Selects are functions that slice a specific portion of state from the global state container.

In CQRS and Redux patterns, we keep READ and WRITE separated. This pattern also exists in NGXS. When we want to read data out of our store, we use a select operator to retrieve this data.

In NGXS, there are two methods to select state, we can either call the select method on the Store service or use the @Select decorator. First let's look at the @Select decorator.

Select Decorators

You can select slices of data from the store using the @Select decorator. It has a few different ways to get your data out, whether passing the state class, a function, a different state class or a memoized selector.

import { Select } from '@ngxs/store';
import { ZooState, ZooStateModel } from './zoo.state';
@Component({ ... })
export class ZooComponent {
// Reads the name of the state from the state class
@Select(ZooState) animals$: Observable<string[]>;
// Uses the pandas memoized selector to only return pandas
@Select(ZooState.pandas) pandas$: Observable<string[]>;
// Also accepts a function like our select method
@Select(state => state.animals) animals$: Observable<string[]>;
// Reads the name of the state from the parameter
@Select() zoo$: Observable<ZooStateModel>;
}

Store Select Function

The Store class also has a select function:

import { Store } from '@ngxs/store';
@Component({ ... })
export class ZooComponent {
animals$: Observable<string[]>;
constructor(private store: Store) {
this.animals$ = this.store.select(state => state.zoo.animals);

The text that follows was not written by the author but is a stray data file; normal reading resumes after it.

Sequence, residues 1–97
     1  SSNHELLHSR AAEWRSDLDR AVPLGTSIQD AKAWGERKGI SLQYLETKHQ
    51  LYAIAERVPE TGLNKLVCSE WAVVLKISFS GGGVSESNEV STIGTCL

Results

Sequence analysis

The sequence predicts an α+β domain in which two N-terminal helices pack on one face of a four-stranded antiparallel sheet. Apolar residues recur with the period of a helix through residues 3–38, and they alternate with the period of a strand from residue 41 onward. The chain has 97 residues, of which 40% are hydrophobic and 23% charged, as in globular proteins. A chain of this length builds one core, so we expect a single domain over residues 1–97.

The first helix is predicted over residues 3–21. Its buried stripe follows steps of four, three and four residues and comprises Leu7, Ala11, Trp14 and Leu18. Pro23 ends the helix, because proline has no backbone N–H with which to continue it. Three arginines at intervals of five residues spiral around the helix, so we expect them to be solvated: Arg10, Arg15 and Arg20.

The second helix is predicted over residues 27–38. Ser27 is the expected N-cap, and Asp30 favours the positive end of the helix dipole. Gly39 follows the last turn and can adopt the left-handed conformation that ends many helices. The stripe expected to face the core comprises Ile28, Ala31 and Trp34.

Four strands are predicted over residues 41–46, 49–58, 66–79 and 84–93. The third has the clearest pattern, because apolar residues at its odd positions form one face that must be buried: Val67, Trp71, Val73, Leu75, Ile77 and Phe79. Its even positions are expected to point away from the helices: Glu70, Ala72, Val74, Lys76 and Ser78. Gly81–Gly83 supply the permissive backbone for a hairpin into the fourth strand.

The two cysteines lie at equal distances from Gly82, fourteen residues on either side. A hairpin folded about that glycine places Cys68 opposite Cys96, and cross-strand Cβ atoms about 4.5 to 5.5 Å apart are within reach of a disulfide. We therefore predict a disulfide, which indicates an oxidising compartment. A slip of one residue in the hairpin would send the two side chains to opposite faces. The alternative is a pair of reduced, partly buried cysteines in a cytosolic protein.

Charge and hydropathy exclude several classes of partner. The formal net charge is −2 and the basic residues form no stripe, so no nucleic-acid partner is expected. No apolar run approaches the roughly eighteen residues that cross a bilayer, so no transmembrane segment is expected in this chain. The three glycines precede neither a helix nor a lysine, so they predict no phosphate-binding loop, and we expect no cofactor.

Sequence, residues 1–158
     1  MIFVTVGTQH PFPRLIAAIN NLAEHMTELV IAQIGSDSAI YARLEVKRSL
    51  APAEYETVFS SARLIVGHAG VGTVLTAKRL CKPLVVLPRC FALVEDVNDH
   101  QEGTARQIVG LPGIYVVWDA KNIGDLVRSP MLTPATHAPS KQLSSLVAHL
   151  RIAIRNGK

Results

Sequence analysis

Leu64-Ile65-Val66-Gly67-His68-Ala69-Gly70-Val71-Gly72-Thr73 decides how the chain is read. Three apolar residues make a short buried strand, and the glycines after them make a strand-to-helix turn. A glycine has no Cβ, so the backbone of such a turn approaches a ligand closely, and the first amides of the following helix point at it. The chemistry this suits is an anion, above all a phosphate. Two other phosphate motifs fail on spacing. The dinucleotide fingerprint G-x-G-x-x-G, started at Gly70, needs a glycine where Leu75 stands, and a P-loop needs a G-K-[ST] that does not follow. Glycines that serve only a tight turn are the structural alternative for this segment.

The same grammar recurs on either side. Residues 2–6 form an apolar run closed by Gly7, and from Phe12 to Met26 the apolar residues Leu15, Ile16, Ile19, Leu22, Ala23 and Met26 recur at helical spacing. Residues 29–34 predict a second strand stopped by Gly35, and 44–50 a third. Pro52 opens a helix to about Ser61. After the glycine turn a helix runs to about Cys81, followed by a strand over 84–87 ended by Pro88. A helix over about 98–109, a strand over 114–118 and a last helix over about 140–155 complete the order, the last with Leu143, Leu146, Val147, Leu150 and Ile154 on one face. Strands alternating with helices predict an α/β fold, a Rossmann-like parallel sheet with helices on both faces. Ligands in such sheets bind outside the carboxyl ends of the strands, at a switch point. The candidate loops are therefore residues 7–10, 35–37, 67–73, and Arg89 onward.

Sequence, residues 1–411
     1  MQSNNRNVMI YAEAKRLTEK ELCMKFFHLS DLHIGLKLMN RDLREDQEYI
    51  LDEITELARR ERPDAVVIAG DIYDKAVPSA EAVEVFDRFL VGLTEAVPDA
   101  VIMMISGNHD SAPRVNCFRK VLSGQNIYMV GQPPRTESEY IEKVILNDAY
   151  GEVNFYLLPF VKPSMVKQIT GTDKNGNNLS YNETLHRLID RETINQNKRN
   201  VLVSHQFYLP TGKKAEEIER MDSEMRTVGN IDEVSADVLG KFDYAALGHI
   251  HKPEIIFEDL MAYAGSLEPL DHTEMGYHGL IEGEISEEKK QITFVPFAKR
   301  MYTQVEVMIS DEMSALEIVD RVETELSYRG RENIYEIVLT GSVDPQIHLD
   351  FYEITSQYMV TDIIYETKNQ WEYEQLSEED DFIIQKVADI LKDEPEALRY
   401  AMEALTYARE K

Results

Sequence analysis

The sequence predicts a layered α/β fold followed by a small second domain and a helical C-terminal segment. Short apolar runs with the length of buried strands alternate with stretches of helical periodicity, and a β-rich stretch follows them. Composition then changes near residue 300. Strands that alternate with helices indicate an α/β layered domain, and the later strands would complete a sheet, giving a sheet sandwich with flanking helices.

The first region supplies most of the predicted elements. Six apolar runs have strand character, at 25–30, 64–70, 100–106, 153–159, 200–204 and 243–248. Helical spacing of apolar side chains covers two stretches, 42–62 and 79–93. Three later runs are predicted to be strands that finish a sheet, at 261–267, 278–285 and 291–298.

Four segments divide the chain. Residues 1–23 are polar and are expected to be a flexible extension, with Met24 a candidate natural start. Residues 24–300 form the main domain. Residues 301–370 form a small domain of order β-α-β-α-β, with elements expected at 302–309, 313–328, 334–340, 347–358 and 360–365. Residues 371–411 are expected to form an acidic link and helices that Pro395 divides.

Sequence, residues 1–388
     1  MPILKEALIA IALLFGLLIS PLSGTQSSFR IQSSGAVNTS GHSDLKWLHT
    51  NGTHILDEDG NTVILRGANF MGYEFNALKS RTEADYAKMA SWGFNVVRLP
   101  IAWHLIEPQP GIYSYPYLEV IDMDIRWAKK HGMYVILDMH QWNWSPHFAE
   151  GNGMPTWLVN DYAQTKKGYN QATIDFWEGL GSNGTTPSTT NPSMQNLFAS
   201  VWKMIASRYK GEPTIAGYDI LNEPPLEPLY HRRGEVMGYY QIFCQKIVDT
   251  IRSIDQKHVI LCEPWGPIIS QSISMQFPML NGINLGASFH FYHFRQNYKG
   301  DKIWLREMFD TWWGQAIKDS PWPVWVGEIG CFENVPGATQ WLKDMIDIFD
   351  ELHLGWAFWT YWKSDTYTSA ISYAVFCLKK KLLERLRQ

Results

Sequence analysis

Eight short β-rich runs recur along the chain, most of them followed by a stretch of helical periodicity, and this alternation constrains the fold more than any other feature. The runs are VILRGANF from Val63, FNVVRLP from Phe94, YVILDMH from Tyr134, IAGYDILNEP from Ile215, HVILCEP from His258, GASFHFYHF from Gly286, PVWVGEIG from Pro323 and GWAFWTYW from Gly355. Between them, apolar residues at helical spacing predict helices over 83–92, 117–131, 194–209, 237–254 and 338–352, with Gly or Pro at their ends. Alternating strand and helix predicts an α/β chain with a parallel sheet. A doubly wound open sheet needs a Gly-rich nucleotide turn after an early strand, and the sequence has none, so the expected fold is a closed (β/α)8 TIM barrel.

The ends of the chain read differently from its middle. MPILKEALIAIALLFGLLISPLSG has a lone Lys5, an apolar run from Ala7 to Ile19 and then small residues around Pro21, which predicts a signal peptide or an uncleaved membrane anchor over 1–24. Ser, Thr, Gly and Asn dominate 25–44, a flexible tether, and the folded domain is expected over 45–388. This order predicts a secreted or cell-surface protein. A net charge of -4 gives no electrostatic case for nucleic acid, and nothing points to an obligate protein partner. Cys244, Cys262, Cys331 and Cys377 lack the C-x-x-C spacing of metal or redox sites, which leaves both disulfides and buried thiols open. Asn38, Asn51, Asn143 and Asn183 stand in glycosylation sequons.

}
}

This is most helpful to programmatic selects where we can't statically declare them with the select decorator.

There is also a selectOnce that will basically do select().pipe(take(1)) for you automatically as a shortcut method.

This can be useful in route guards where you only want to check the current state and not continue watching the stream. It can also be useful for unit testing.

Snapshot Selects

On the store, there is a selectSnapshot function that allows you to pull out the raw value. This is helpful for cases where you need to get a static value but can't use Observables. A good use case for this would be an interceptor that needs to get the token from the auth state.

@Injectable()
export class JWTInterceptor implements HttpInterceptor {
constructor(private _store: Store) {}
intercept(req: HttpRequest<any>, next: HttpHandler): Observable<HttpEvent<any>> {
const token = this._store.selectSnapshot<string>((state: AppState) => state.auth.token);
req = req.clone({
setHeaders: {
Authorization: `Bearer ${token}`
}
});
return next.handle(req);
}
}

Memoized Selectors

Oftentimes you will use the same selectors in several different places or have complex selectors you want to keep separate from your component. NGXS has a @Selector decorator that will help us with that. This decorator will memoize the function for performance as well as automatically slice the state portion you are dealing with.

Let's create a selector that will return a list of pandas from the animals.

import { State, Selector } from '@ngxs/store';
@State<string[]>({
name: 'animals',
defaults: []
})
export class ZooState {
@Selector()
static pandas(state: string[]) {
return state.filter(s => s.indexOf('panda') > -1);
}
}

Notice, the state is just the local state for this ZooState class. Now in our component, we simply do:

@Component({...})
export class AppComponent {
@Select(ZooState.pandas) pandas$: Observable<string[]>;
}

and our pandas$ will only return animals with the name panda in them.

Memoized Selectors with Arguments

Selectors can be configured to accept arguments. There are two patterns that allow for this: Lazy Selectors or Dynamic Selectors

Lazy Selectors

To create a lazy selector all that you need to do is return a function from the selector. The function returned by the selector will be memoized automatically and the logic inside this function will be evaluated at a later stage when the consumer of the selector executes the function. Note that this function can take any number of arguments (or zero arguments) as it is the consumer's responsibility to supply them.